What is probably the most blaring deficiency of the Indian system of military justice is the absence of experienced legal officers and consuls for the accused. While the Military rules allow for the accused to take up the services of a civilian lawyer at his own expense or to avail the services of a defending officer, these provisions are very rarely practiced in reality. That is, it is very rare for the accused to avail of the services of a civilian lawyer at their own expense. Furthermore, service officers are all too often inexperienced and even unwilling to commit to providing counsel for the accused. 

There is much to be desired in terms of the persisting infrastructure in place. Furthermore, there is little incentive provided to defending officers to essentially help and aid accused persons. The issue is further accentuated by the fact that this task is seen as risky and offering little reward. The result is that cases that come before the court-martial are not adequately defended, which is in direct opposition to the frameworks enshrined in Article 22 of the Constitution.

Lack of impartiality of members of court martial

A court-martial established under the ambit of military law plays the dual role of coming through with both the findings and sentence. It is the opinion of  experts in the study of military law that members are often lacking in experiences, qualification and training to fulfill this crucial role. Furthermore, critics point to the prevalence of the highly disturbing phenomenon that is “command influence”. This essentially means that decision making is not necessarily independent or unbiased in the administration of justice. Certain sources claim that members are given detailed instructions from those who pull the strings in the military. Given that the immense risk that is posed from disobeying orders in the military, most officers are swayed to act in a way that is directed to them. 

Lack of autonomy afforded to the Judge Advocate General (JAG) department

The Judge Advocate (JA) has no role to play, that is, they neither function as an advocate or as a judge. Therefore for all purposes, any comparison of the JA to the judges in a trial is inaccurate, unless of course in the fact that members of the JAG have to maintain a firmly impartial stance. The JAG department is within the administrative and functional control of the same executive who calls for a trial by court-martial and also later reviews the said proceedings. The quality of advice provided by the JA is central influencing the decision making of the members of the court-martial. In spite of all this, officers of the JAG are not really autonomous and there are definite constraints to their freedom to give a fair and unbiased decision as argued by UC Jha.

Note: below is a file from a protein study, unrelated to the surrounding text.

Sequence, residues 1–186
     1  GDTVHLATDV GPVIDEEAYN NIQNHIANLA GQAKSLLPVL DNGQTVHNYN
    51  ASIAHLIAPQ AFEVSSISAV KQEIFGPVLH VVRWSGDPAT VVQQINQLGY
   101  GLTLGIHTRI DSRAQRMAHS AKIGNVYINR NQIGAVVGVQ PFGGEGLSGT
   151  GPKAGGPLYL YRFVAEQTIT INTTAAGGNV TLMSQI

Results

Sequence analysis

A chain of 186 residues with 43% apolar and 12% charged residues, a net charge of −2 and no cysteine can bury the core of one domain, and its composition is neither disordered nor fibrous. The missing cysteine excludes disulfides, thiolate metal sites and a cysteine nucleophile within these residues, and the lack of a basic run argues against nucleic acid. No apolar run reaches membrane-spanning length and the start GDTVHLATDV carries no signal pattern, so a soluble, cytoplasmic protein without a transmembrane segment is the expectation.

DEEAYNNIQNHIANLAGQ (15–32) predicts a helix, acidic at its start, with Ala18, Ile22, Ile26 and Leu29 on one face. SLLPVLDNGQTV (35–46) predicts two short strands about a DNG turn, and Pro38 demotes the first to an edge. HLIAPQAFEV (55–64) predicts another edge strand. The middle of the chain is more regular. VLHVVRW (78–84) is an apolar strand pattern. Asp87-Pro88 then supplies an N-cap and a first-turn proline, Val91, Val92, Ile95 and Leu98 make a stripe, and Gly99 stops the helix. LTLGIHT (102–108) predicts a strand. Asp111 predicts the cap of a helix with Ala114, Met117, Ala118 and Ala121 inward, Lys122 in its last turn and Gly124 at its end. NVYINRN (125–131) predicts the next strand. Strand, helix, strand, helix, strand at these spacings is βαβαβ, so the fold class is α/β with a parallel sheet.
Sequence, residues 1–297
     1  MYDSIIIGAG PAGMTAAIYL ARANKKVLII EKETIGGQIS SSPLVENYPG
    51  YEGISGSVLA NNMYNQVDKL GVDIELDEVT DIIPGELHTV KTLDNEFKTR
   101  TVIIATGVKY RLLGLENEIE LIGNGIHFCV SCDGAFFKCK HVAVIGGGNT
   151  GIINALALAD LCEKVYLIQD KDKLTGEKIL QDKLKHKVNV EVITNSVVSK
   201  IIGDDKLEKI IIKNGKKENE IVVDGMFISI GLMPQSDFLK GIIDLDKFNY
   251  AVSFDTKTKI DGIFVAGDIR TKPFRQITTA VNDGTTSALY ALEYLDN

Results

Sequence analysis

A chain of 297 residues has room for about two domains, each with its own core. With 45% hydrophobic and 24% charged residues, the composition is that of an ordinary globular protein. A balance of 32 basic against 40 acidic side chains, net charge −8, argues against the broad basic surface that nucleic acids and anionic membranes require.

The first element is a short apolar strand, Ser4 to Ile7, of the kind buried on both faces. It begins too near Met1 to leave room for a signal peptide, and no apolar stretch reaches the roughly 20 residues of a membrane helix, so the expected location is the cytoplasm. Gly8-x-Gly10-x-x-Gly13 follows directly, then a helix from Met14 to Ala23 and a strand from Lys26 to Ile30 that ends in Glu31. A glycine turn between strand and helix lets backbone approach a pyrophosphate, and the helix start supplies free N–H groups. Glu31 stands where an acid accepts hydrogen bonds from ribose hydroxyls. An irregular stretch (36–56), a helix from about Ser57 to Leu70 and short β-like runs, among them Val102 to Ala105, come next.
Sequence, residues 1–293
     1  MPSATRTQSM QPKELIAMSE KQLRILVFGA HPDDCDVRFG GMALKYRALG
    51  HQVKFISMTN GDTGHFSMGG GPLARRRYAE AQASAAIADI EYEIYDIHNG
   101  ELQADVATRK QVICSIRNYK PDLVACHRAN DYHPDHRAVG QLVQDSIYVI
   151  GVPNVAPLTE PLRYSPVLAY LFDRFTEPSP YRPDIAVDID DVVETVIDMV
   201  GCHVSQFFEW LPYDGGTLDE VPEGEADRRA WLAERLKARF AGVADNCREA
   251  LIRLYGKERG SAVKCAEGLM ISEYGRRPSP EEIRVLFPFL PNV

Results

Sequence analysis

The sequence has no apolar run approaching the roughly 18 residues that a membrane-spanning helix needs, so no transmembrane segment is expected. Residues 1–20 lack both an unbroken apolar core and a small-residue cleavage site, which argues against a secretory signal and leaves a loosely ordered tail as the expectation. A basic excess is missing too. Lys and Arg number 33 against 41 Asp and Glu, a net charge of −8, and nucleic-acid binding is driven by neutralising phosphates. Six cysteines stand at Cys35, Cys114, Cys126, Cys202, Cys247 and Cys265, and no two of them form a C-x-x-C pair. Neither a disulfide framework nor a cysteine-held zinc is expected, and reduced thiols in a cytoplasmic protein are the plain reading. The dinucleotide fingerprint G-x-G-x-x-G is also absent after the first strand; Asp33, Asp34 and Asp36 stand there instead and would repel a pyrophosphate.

Double Jeopardy

The constitutional protection provided against the phenomenon of double jeopardy is clearly enumerated in Article 20(2). While it can be used in a  court-martial, the same is not available to stop a second trial on the same offence before a civil court. That is, for example – a person who is subject to the provisions of the Air Force Act, who has once been tried and convicted or acquitted before a court-martial can be tried a second time on the same charges by court of civil jurisdiction.

Denial of the Right to Appeal

At present there is no real procedure for appeal in response to the findings or the verdict delivered by the court-martial. However what provides basis for the current regime is listed in Chapter XII of the AA, specifically sections 153 to 165.